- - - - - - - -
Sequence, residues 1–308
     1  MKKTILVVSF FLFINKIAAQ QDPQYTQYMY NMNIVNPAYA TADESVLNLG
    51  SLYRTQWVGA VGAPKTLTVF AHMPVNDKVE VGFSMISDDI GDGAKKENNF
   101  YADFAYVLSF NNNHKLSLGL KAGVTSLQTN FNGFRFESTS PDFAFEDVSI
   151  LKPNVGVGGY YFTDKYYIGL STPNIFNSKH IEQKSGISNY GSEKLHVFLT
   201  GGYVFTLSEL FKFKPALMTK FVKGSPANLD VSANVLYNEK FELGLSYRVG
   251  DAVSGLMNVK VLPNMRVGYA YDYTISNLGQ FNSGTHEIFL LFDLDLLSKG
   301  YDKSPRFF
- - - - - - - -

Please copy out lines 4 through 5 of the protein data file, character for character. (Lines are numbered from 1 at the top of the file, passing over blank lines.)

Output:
   101  YADFAYVLSF NNNHKLSLGL KAGVTSLQTN FNGFRFESTS PDFAFEDVSI
   151  LKPNVGVGGY YFTDKYYIGL STPNIFNSKH IEQKSGISNY GSEKLHVFLT